Comparative Efficacy of Rapid-Release Nicotine Gum Versus Nicotine Polacrilex Gum in Relieving Smoking Cue-Provoked Craving

Published in: Addiction, v. 100, no. 11, Nov. 2005, p. 1720-1730

Posted on RAND.org on January 01, 2005

by Raymond Niaura, Michael Sayette, Saul Shiffman, Elbert D. Glover, Mitch Nides, Morris Shelanski, William G. Shadel, Randy Koslo, Bruce Robbins, Jim Sorrentino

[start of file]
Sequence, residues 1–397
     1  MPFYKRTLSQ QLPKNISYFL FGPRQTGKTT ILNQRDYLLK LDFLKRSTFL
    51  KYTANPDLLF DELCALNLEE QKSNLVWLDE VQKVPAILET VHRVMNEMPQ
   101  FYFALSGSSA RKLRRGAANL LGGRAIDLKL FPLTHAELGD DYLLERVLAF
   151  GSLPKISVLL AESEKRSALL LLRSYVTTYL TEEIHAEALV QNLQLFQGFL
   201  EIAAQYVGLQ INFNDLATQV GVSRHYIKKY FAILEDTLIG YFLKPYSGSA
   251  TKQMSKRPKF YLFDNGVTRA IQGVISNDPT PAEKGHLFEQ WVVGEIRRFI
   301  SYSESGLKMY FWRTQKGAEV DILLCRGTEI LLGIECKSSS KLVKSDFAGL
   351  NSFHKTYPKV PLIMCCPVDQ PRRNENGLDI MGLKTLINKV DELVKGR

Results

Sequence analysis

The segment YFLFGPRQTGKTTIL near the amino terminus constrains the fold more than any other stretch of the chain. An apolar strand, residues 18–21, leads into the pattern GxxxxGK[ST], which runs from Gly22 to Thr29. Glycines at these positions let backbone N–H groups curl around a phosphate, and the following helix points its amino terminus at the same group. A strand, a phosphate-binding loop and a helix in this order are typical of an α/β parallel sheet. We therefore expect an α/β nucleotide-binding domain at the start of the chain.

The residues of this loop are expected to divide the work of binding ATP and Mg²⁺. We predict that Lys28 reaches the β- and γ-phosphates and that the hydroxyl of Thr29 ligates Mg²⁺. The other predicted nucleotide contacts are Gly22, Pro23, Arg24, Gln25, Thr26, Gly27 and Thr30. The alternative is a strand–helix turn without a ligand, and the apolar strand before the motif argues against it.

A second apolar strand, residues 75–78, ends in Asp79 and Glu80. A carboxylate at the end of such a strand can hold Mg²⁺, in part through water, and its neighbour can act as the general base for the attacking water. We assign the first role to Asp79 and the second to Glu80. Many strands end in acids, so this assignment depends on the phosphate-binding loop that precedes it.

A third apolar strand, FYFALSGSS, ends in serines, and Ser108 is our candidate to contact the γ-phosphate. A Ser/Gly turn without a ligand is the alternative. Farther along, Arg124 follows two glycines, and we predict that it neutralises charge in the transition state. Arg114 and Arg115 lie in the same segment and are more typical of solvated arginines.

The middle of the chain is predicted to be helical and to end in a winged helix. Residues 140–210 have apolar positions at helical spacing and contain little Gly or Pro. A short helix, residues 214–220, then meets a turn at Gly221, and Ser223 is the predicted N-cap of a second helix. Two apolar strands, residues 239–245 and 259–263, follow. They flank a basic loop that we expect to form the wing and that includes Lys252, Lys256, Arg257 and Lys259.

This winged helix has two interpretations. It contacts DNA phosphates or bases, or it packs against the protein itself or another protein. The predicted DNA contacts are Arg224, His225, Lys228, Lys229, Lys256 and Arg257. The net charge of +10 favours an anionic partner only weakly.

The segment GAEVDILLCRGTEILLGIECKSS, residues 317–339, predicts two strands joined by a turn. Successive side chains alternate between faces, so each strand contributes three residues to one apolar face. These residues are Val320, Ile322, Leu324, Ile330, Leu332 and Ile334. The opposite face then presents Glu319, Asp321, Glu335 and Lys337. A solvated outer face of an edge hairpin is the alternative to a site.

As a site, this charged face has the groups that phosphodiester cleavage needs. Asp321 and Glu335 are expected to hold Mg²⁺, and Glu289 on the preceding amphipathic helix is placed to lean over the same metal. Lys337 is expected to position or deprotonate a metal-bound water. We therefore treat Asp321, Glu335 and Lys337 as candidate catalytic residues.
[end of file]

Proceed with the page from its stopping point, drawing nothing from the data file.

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AIMS: Most relapse episodes occur when smokers are confronted with craving provoked by situational cues. Current nicotine gum can help relieve cue-provoked cravings, but faster effects may result in more rapid relief. The authors tested a prototype formulation of a new rapid-release nicotine gum (RRNG) that provides more rapid release and absorption of nicotine, for its ability to provide faster and better craving relief compared to current nicotine polacrilex gum (NPG). DESIGN: Random assignment to RRNG or NPG, used during a smoking cue provocation procedure. PARTICIPANTS AND SETTING: A total of 319 smokers were exposed to a smoking cue in the laboratory by being asked to light but not smoke a cigarette of their preferred brand. Subjects then chewed a piece of 2 mg RRNG (n = 159) or 2 mg NPG (n = 160) according to randomized assignment. MEASUREMENTS: Craving assessments were completed at regular intervals before and after cue exposure (baseline, pre-cue, and 3, 6, 9, 12, 15, 18, 21, 25, 30 and 35 minutes after the cue). FINDINGS: Smokers chewing RRNG showed significantly lower craving than NPG subjects starting with the first assessment at 3 minutes (P < 0.025). Repeated-measures ANOVA revealed a significant treatment * time interaction (P < 0.05)-craving scores dropped more rapidly in RRNG subjects compared to NPG subjects. Survival analyses also indicated superiority of RRNG in achieving more rapid self-reported meaningful relief (P < 0.05) and complete relief (P < 0.05) of craving. CONCLUSIONS: Rapid-release nicotine gum reduced cue-provoked craving more rapidly compared to NPG, and thus merits further study in cessation efficacy trials.

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